– define the detailed processesto be automated. Draw business process diagrams
– Specifies programming language, overalldesign, and use of any templates
– Defines how to secure the software and DIK
Prototyping can be a part of the design phase. A prototypecan demonstrate some aspects of the software’s look and feel. This“hands-on” design is presented to stakeholders, and feedback isused to modify the other design aspects if needed.
The development phase, also known as the implementationphase, software development phase, systems development phase, isthe actual writing of the program.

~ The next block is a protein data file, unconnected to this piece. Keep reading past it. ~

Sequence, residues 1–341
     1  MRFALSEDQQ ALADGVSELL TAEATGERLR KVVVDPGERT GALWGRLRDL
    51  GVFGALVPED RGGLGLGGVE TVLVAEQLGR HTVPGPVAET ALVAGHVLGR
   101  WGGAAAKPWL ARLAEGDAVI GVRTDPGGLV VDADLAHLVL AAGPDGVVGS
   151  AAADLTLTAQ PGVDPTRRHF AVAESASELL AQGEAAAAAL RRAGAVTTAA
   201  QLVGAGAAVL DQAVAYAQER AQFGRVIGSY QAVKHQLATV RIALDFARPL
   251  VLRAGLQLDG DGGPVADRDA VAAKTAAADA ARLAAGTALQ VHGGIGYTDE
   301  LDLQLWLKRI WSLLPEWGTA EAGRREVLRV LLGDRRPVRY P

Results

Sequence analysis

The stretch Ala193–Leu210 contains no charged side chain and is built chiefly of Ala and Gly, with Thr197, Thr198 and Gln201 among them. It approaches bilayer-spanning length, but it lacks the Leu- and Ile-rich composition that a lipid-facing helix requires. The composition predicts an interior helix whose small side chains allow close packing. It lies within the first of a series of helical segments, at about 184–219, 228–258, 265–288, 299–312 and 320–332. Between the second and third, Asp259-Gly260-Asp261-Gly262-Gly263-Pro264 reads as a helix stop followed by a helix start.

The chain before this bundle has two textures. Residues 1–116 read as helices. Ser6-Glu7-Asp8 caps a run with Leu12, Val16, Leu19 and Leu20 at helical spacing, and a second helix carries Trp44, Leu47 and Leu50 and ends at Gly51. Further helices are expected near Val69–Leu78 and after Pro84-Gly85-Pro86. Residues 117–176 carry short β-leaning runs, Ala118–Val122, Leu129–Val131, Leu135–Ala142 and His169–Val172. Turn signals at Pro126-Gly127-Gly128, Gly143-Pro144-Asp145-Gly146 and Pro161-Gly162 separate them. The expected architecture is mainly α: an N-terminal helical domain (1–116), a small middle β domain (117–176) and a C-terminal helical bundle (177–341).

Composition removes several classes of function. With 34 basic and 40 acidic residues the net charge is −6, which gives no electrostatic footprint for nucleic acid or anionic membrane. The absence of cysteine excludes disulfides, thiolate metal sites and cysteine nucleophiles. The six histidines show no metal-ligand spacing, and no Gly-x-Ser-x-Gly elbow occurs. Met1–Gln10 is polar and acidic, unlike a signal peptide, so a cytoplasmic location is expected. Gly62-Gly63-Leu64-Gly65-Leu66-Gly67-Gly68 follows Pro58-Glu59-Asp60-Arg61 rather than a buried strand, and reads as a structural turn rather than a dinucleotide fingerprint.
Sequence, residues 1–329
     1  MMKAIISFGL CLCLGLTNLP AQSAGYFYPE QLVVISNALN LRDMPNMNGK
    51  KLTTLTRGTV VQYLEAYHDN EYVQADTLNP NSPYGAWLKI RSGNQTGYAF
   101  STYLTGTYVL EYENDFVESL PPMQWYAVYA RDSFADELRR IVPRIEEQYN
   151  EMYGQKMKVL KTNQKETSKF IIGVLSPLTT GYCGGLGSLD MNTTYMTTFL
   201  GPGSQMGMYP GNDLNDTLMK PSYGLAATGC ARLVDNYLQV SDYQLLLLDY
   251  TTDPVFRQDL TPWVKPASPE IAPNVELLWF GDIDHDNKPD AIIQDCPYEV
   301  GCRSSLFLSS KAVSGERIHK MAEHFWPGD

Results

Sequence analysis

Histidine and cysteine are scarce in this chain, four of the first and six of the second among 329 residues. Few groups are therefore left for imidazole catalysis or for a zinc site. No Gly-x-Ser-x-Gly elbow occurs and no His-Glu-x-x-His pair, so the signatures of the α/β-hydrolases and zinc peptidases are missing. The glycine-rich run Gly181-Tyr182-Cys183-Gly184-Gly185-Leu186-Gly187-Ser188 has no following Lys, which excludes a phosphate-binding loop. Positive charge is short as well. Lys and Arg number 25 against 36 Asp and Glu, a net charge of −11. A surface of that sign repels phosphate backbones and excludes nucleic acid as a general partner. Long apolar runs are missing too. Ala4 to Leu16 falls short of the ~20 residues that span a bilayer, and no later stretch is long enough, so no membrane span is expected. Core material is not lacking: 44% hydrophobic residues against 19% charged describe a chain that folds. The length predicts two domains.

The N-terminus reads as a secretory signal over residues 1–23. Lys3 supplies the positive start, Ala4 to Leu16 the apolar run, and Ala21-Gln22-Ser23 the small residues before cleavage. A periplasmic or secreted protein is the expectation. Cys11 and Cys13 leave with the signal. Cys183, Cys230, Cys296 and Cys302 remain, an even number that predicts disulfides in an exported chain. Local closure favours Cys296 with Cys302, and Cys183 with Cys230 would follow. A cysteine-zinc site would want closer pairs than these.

A small project might be written by a single developer(also known as a programmer). In contrast, a large project mightbe broken up and worked by multiple developers or teams ofdevelopers.
Documentation is also often created during the developmentphase. This can consist of any of the following:
Guided tour of the software’s basic features that displayon the first launchVideo tutorials for complex tasksWritten user guidesTroubleshooting guidesFAQ’s for users
Testing Phase (Conducted in Parallelwith Development)
It’s critical to test the software before making itavailable to users. There are many types of testing, but assoftware components, modules, pages are being developed, theyshould be tested. This ensures that work is done according toplans and minimizes the chance for unpleasant surprises at theend.